Under the Kyl amendment, arrestee information can go into the national database immediately upon arrest, before formal charges are filed, and even if no charges are ever brought. This adds little or no value for law enforcement, while intruding on the privacy rights of people who are, in our system, presumed innocent. It could also provide an incentive for pretextual and race-based stops and arrests for the purpose of DNA sampling. Congress rejected this very proposal less than a year ago, after extended negotiations and consultation with the Department of Justice.

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Some posts of possible interest around the legal blogosphere:

Eugene Volokh points out a funny obit. (This seems to be part of a semi-regular semi-series; see funny star footnotes).

Will Baude ruminates about airborne citrus and constitutional interpretation.

The Notes Editors apparently gave Heidi Bond slightly more than two minutes.

Various parties weigh in on Schelling’s Bank-of-Sweden prize:

-Brian Leiter reminds us all that it’s not a Nobel, no matter now what the VC says.

-Drezner takes issue with Slate’s criticism of Schelling’s Vietnam involvement.

Christine Hurt is becoming Dagny Taggart. In related news, Gordon Smith has invented an unbreakable new metal. . .

Ethan Lieb thinks reprints are obsolete; Ben Barros disagrees.


Fictions, Concessions & Genossenschaft

Kaimi’s post about corporations and constitutional rights has provoked a response from Will Baude, who points out that at the time that the Fourteenth Amendment was passed it is not as though considering corporations as persons was beyond the pale. My own response to this issue (aside from a hearty “What Will said!”) is — in the best tradition of legal academia — self citation. Consider the following gem from “Corporations and Autonomy Theories of Contract,” forthcoming in the next issue of the Denver University Law Review:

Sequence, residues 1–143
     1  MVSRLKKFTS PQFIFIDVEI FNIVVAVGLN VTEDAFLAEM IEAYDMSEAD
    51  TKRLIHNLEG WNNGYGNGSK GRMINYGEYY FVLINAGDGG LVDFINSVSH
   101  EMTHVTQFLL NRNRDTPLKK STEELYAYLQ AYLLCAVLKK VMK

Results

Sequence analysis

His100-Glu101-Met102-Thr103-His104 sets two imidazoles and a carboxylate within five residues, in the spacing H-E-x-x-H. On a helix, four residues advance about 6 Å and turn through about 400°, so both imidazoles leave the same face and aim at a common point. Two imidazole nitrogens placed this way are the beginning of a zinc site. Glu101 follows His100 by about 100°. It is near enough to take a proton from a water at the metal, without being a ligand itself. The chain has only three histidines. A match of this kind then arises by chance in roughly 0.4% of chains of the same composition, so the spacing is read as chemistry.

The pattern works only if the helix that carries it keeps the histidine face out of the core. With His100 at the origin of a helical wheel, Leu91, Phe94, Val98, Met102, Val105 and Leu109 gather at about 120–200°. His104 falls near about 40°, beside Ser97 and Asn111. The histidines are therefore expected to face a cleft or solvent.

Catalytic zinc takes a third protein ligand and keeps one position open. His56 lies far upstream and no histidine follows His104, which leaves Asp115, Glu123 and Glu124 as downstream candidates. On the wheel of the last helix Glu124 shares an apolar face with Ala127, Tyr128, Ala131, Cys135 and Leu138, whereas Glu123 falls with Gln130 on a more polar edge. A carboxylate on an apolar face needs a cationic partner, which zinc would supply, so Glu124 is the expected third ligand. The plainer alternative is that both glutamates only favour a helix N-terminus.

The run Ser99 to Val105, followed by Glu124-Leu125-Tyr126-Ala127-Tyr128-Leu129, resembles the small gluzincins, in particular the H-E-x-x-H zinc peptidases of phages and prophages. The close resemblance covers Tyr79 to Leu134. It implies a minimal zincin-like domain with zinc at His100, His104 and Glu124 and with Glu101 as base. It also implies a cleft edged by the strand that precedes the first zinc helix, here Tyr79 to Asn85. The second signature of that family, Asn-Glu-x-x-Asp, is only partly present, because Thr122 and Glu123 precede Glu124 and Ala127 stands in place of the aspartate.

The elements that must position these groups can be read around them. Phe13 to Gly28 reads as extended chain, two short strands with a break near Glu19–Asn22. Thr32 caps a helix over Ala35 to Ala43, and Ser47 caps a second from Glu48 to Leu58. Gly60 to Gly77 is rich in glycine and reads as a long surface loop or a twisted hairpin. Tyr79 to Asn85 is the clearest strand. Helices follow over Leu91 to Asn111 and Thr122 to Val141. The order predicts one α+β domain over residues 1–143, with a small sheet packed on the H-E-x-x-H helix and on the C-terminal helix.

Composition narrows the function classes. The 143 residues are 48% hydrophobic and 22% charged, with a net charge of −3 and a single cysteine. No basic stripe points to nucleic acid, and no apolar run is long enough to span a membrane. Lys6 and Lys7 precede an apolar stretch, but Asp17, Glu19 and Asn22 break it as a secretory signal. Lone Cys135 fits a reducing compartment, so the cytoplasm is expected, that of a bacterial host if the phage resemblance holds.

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Must see TV…


Normally, I think that blog posts that simply link to another blog and say “hey this is cool,” are pretty dumb. On the other hand, this is a really cool post. Check it out!


Preparing for a Bird Flu Pandemic

pandemic3.jpgBird flu has now captured the attention of the news. While I’m generally not one to become overly concerned with armaggedon scenarios, a flu pandemic strikes me as a particularly realistic and frightening possibility. Pandemics occur periodically, and the experts all seem to be extremely concerned.

I believe that it is important to view this as a national security issue. National security has become almost synonymous with the protection against terrorism, and we assess the success and failure of government officials in keeping us secure primarily with terrorism in mind. But national security should also be understood as the ability to prevent and respond to natural disasters and outbreaks of disease. The destruction terrorists might cause is often small when compared to what nature can do. According to Newsweek:

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The Law of Harry Potter

potter5a.jpgWhat are the criminal consequences of a curse? Can a person commit a tort by unfair Quidditch play? How can the law of the Muggles be harmonized with the law of the Wizarding World? For a long time, attorneys struggled over these issues without much legal guidance. But that problem has now been fixed by Aaron Schwabach (law, Thomas Jefferson), who has posted an article on SSRN analyzing the law of Harry Potter: Harry Potter and the Unforgivable Curses: Norm-formation, Inconsistency, and the Rule of Law in the Wizarding World. According to the abstract:

The astounding success of the Harry Potter series of children’s fantasy novels is an unexpected cultural phenomenon, but a welcome one for lawyers and legal academics: Harry’s story is a story about law, and about a society trying to establish a rule of law. There is law in every chapter, and on almost every page, of all six books. Sometimes the legal questions hang in the background, while at other times they are the focus of the story: We see numerous trials, and the author gives us statutes, regulations, school rules, and even international agreements to consider.